Off baking for a bit...


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I've really been making too much rich, sweet stuff lately and trying to keep away from it for a bit, though I'm sure I'll be making a pie or something for Thanksgiving.

I have started to think about holiday stuff, and one thing I made to give away to coworkers and friends the past few years was pasta. Both cut, dried noodles, and freezer containers full of pierogies or ravioli.

I really wanted to make some pretty tri-color pasta but had trouble getting the red and green intense enough. I pulled out the juicer today and juiced a little kale, and then some raspberries. I'm currently reducing the juices in a barely warm mini convection oven to see if I can get some intense colors.

This guy's tri-color ravioli is beautiful: http://www.brunoskitchen.net/blog/post/tri-color-ravioli

I may have to try the parsley flakes idea.
 
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I've really been making too much rich, sweet stuff lately and trying to keep away from it for a bit, though I'm sure I'll be making a pie or something for Thanksgiving.

I have started to think about holiday stuff, and one thing I made to give away to coworkers and friends the past few years was pasta. Both cut, dried noodles, and freezer containers full of pierogies or ravioli.

I really wanted to make some pretty tri-color pasta but had trouble getting the red and green intense enough. I pulled out the juicer today and juiced a little kale, and then some raspberries. I'm currently reducing the juices in a barely warm mini convection oven to see if I can get some intense colors.

This guy's tri-color ravioli is beautiful: http://www.brunoskitchen.net/blog/post/tri-color-ravioli

I may have to try the parsley flakes idea.

How do you dry pasta? I’ve never dried fresh pasta.

That’s really pretty pasta. I’ve made tri-color pasta; used spinach for the green, but it was no where near as green as this recipe.
 
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You can just air-dry it. They make racks, but I went cheap and practical and got some plain (about 1/2 inch diameter) wooden dowels at Ace Hardware that I use just for drying pasta. They can be put between the counter and the kitchen island, or my antique wooden ironing board which I frequently use for extra counter space when I'm making things like filled pasta. Some people also nest them and put them in a food dehydrator. Last year, I gave frozen fresh pasta to a few special coworkers, both ravioli and nests of fresh fettuccini, and some pierogi which are a little closer to my ethnic heritage. I'm both dying to use my ravioli rolling pin and scared of it... the tray method has been pretty successful and most of them stay sealed.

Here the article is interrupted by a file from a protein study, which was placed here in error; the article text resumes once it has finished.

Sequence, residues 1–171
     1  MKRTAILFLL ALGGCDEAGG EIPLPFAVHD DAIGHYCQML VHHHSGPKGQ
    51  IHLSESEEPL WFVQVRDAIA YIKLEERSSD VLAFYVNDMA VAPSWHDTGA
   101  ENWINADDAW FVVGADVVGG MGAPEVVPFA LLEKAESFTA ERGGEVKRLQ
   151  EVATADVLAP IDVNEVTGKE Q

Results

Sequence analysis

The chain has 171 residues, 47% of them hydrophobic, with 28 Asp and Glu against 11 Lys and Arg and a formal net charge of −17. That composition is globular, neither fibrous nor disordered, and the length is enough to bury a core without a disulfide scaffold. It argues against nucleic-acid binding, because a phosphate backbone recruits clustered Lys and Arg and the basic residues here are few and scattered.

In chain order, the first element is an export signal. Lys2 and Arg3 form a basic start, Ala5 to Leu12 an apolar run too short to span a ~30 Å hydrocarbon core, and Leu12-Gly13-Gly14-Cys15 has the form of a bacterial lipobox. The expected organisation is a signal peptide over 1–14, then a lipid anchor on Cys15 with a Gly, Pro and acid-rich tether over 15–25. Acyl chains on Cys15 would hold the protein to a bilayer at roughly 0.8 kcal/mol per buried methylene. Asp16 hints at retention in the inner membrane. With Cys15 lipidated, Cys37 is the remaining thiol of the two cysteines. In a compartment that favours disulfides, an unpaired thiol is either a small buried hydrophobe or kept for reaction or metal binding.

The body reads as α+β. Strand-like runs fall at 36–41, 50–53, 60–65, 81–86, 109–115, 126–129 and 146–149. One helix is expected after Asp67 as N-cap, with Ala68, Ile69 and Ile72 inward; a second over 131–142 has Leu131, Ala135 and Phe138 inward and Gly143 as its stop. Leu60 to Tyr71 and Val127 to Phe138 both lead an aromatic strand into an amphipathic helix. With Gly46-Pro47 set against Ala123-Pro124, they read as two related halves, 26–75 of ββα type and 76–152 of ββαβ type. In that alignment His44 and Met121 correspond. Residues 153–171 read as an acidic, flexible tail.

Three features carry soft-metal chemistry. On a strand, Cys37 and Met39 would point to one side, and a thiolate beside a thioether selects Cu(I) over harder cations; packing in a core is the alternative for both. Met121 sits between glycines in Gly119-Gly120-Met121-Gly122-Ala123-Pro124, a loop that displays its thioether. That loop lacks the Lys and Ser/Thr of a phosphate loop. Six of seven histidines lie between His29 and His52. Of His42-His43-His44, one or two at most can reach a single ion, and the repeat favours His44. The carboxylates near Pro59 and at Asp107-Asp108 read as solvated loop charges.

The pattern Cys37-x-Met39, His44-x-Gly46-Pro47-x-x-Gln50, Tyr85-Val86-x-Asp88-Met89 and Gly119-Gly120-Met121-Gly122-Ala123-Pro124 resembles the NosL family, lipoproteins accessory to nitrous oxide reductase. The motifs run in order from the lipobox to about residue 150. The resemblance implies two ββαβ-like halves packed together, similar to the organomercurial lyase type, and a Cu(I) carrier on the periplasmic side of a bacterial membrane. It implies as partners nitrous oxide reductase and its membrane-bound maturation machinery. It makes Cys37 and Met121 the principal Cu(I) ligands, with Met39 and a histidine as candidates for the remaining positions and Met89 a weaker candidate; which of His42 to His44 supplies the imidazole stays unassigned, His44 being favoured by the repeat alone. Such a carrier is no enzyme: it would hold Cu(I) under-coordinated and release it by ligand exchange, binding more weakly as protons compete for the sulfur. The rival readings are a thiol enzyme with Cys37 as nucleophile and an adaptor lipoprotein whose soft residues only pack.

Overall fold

The raspberry, even concentrated, didn't impart all that much color. Beet does, but it's more of a magenta. I got a ball of dough that I have now colored with the raspberry, tomato paste, paprika, ground red pepper, and even a little bit of red paste coloring, and it still looks brick-orange-red, not red red. The green isn't really that hard, as I love making spinach pasta. Last year's Christmas eve meal was a big lasagna with fresh green noodles, and it was a bit of a last-minute get together.

The kale juice is very deep green and the concentrated juice looks lovely. I may still put some fresh blanched spinach in it too to round out the green. And I like his idea of using freshly dried green parsley. That would give it a nice sweet flavor I think.